The Cubs chose Albert Almora Jr. in the middle of a 101-loss season, making him the first player drafted by the Theo Epstein regime. The Cubs used that sixth overall pick in 2012 on a teenager they saw with a high floor, someone who represented Team USA and grew up in South Florida playing year-round against elite competition.
Flash-forward and the Cubs are now a 103-win team, validating their belief in Almora again when they unveiled their 25-man roster for this National League Division Series against the San Francisco Giants.
“He’s definitely not going to be afraid,” manager Joe Maddon said before Friday night’s Game 1 at Wrigley Field. “He’s definitely going to relish the moment. He’s looking for that moment. He’s not going to run away from it.
“He’s young and he hasn’t been here very long. But when you talk to this fellow – you look him in the eye – there is no hesitation on his part. All of us felt very comfortable about putting him there.”
The Cubs believe Almora has the potential to someday become a Gold Glove outfielder. This is the next step in a year where he turned 22, made his big-league debut, got married, became a father and worried about his own father’s battle with prostate cancer.
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Almora split this season between Triple-A Iowa and The Show, hitting .277 with a .763 OPS in 47 games for the Cubs, but this move revolves around run prevention in October. Almora’s emergence sidelined Matt Szczur – who is five years older and has played in 140 more big-league games – for at least this playoff round. Szczur – a solid role player and another right-handed hitter – batted .259 with a .712 OPS in 200 plate appearances this season.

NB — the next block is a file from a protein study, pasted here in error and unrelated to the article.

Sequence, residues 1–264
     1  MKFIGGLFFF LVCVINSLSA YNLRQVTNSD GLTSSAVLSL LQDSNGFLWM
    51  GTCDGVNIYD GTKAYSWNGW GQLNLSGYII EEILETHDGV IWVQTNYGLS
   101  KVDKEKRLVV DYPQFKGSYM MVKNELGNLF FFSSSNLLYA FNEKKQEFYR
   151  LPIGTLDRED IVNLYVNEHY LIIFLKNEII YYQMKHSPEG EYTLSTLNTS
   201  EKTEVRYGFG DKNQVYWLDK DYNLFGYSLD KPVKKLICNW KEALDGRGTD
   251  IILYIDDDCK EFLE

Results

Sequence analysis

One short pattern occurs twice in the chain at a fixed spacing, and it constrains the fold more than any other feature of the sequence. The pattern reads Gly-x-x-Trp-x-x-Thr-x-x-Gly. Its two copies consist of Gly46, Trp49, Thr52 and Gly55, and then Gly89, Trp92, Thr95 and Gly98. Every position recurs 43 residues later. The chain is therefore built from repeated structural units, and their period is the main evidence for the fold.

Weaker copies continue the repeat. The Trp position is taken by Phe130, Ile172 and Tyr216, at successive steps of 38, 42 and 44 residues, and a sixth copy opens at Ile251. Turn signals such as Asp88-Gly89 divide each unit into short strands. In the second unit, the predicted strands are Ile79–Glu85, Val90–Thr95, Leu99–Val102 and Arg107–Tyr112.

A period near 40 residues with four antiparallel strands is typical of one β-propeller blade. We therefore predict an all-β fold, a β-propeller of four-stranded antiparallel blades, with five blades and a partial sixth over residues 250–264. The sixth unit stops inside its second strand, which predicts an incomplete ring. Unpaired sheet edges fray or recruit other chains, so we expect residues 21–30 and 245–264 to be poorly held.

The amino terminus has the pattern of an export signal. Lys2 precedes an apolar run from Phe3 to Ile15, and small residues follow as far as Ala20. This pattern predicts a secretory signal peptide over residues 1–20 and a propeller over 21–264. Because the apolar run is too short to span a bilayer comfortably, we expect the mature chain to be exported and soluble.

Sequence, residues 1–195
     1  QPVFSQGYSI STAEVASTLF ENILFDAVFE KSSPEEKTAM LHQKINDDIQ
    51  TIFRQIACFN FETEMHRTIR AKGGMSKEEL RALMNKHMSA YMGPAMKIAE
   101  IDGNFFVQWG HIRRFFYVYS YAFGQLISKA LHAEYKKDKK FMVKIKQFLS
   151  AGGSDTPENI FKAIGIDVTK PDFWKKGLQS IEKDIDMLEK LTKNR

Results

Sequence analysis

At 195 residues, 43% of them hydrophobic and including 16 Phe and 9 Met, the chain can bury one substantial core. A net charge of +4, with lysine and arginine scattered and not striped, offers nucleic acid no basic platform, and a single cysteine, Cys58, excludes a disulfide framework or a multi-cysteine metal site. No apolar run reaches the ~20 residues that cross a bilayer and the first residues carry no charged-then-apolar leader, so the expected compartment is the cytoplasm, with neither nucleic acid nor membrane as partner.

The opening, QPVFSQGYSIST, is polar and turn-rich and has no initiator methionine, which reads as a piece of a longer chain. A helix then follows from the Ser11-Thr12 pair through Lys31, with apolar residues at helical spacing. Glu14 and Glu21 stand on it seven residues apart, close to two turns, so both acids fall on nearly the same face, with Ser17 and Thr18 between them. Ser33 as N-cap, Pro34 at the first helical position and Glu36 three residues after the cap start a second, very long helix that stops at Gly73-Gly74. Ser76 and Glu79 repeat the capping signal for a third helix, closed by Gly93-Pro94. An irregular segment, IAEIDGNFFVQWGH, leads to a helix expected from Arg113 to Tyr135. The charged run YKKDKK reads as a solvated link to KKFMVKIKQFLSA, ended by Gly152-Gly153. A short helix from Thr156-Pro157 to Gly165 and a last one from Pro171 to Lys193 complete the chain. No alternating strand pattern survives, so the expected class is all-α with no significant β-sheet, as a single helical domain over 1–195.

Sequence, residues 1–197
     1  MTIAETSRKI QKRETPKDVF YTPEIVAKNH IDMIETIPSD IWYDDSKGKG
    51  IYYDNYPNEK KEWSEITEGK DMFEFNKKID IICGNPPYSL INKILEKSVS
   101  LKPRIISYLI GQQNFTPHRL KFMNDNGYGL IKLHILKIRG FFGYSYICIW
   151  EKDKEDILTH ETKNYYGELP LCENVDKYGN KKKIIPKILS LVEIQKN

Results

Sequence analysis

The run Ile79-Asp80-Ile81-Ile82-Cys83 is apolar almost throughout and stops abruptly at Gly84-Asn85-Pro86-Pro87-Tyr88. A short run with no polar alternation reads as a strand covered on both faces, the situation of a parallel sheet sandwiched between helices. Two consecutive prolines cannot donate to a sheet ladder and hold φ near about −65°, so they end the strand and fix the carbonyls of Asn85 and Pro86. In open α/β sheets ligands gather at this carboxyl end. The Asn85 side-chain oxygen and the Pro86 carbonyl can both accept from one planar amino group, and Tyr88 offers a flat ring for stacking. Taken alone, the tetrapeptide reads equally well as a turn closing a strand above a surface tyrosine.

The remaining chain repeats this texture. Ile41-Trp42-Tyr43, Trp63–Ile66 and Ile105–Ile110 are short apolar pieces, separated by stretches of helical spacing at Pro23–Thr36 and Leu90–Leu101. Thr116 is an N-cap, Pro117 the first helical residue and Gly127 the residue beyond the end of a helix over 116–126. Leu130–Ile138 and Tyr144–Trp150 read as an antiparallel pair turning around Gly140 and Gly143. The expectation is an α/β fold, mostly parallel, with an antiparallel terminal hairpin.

“We just think that Albert’s a really good defender,” Maddon said. “He’s also been swinging the bat well lately. You can’t take that away from Albert, regardless of age, whatever, or how long one guy’s been here during the year or not.
“We just thought moving it forward – the kind of talent we’re going to need or skill set we’re going to need at the end of the game – Albert fit in pretty well.”
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The Cubs indulged Tommy La Stella’s refusal to report to the minors because he has a specific skill, and he made this roster as a left-handed contact hitter off the bench. X-factor outfielder Jorge Soler (tightness on his right side) has been cleared for the playoffs. Two niche relievers with postseason experience (Trevor Cahill and Joe Smith) and a 15-game winner (Jason Hammel) didn’t get a spot on an 11-man pitching staff.
“They’re not easy (decisions), but it also speaks to depth,” Maddon said. “The driving thought was whether you wanted one more pitcher or one more position player, so we just chose to go with one more position player. It’s a five-game series: Play, play, day off, play, play, day off, so your pitchers have a chance to regroup in those moments.”